‘Unsung heroes’ work behind the scenes during coronavirus crisis

When a lightbulb burns out or a toilet stops up or a foot of snow blankets the campus, a team of campus workers jumps into action. But the custodians and grounds workers and others who work in the background of the university rarely get recognition.

“They are a lot of unsung heroes who don’t often get much praise for the work they do,” said Geoff Hurtado, associate vice chancellor for Facilities Planning and Management (FPM).

But in recent weeks, these workers have gone above and beyond. Even as the coronavirus outbreak began to explode, workers were deep-cleaning buildings and trying to keep offices and common areas as clean as possible.

Then, when the campus closed, teams from facilities and environmental services went into high gear.

Housing called on FPM to assist with the quick move-out of the 800-bed Cambridge Commons and 400-bed RiverView residence halls the week of March 23, Hurtado said. They had the added pressure of relocating some students to other residence halls. And they faced the added pressure of having to deep clean the halls in case the state requested the use of a building.

Packing up

Adding to the challenge was the fact that some students weren’t able to get back to campus to remove their belongings. Workers rushed to help up pack up belongings, build safe storage areas for them and move them over to USRB, the University Services and Research Building.

Said Hurtado: “I am so proud to say that FPM responded admirably, and in the words of Beth Lobner (assistant director of residence life) from Housing, ‘We couldn’t have met the deadline without all the hard-working people from FPM.’”

According to Hurtado, Lobner “gave special praise for service above and beyond the call of duty to Steve Wilke, whose calm demeanor and professionalism kept the pack-up and move-out flowing as smoothly as possible, to Brian Harness for his can-do attitude, and to Mike Maass, Rob Wahl and Mike Proell who came in on the weekend, worked long days and took on the most difficult cleaning challenges.”

The workers found themselves empathizing with the families and students.

“One thing that stood out to me as I was outside taking a break – I could see the look of uncertainty on many of the faces of both parents and students as they were moving out,” said Maass, custodian and president of American Federation of State, County and Municipal Employees Local 82. “That is when it really hit me that these were uncharted waters for us all.”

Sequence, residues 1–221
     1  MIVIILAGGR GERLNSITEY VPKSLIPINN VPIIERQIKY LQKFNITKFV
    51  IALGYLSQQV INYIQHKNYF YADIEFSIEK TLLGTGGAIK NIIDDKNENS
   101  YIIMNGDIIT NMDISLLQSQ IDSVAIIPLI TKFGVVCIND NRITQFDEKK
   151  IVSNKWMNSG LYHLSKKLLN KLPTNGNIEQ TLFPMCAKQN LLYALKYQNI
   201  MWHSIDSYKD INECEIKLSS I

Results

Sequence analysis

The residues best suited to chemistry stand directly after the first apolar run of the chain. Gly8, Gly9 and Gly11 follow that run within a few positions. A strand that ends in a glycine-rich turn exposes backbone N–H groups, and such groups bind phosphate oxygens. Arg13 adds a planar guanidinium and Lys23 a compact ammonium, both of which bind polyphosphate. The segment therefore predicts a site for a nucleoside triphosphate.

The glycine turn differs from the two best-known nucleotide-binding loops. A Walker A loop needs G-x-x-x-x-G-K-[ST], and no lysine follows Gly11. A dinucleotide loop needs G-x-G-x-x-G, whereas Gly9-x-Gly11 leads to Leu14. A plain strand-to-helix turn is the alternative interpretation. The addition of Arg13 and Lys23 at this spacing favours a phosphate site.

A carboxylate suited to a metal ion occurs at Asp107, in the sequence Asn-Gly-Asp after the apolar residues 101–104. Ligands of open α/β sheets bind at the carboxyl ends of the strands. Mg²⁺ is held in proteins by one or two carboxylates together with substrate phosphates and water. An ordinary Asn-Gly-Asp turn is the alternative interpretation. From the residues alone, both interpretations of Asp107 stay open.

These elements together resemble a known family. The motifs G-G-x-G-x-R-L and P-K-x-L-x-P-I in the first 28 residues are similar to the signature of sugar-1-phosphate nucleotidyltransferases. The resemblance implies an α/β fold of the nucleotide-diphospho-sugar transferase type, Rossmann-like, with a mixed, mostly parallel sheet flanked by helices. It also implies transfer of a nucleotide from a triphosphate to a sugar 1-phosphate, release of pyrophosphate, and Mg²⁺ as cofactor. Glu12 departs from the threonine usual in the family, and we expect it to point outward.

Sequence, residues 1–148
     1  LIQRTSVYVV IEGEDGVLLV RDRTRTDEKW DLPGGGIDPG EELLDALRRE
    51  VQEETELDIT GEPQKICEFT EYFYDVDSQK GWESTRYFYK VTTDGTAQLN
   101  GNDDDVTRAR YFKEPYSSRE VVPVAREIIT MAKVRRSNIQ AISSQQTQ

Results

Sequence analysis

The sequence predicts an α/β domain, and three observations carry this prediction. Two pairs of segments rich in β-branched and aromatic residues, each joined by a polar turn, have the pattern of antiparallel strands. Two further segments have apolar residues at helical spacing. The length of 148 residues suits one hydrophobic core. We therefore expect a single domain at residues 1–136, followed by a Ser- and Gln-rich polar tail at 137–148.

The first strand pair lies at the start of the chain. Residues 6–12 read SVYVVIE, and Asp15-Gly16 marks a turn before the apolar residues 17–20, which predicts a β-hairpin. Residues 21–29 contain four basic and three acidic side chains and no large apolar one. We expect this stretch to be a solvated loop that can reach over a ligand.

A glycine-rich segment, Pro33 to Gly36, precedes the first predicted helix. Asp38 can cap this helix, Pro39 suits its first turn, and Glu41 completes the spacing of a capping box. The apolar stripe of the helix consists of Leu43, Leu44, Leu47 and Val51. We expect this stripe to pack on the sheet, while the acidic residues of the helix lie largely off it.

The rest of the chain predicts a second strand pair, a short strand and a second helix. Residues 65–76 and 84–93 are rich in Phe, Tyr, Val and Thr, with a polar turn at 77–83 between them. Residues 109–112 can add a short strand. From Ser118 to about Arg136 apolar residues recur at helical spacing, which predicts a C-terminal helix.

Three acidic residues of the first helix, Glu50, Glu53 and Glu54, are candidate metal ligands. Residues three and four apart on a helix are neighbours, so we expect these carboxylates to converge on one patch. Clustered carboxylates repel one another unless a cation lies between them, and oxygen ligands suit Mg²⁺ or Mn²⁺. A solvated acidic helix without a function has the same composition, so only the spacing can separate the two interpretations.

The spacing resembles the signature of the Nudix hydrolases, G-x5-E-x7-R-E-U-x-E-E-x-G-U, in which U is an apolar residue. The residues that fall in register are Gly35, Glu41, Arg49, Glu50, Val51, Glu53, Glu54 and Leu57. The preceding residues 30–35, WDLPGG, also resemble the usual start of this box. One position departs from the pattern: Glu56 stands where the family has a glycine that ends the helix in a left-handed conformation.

“No job that big is without glitches,” he added, “but we worked together to keep it minimal. What kept me going through all of this was knowing that everyone involved came together for a common cause in a time of crisis.”

‘The least we could do’

The challenging circumstances were not without worries. “As people are being instructed nationwide to practice distancing, we’re all coming together in these two buildings,” said Wilke, grounds supervisor.  “After consideration, though, I realized that the environmental service workers were already experiencing this daily as they performed cleaning duties in buildings throughout campus.  So, it was the least we could do to help do our part in getting these dorms emptied.

“It did seem a little surreal packing up rooms where it was obvious that students had left for spring break with every intention of expecting to come back in a few weeks,” he added. “But everyone was professional and careful when boxing up items. It was hectic and frustrating at times, but with everyone working together, we got it done.”

Waukesha and Washington County too

Custodians and maintenance workers at the Washington County and Waukesha campuses have also gone beyond their normal responsibilities, said Christi Larson, custodial services supervisor.

In Washington County, Paula Unger, a custodian, is distributing the mail and Timothy Steffan of maintenance is taking care of the plants in the greenhouse and also coordinating the pickup of mail when bills need to be paid. At Waukesha, Mike Nicholson and Roger Ulrich of maintenance have been collecting mail and coordinating pickup.

“All of the ‘essential workers’ who are still on campus have done an amazing job disinfecting daily and ensuring that the campus is a properly functioning, safe environment during this time,” Larson said.

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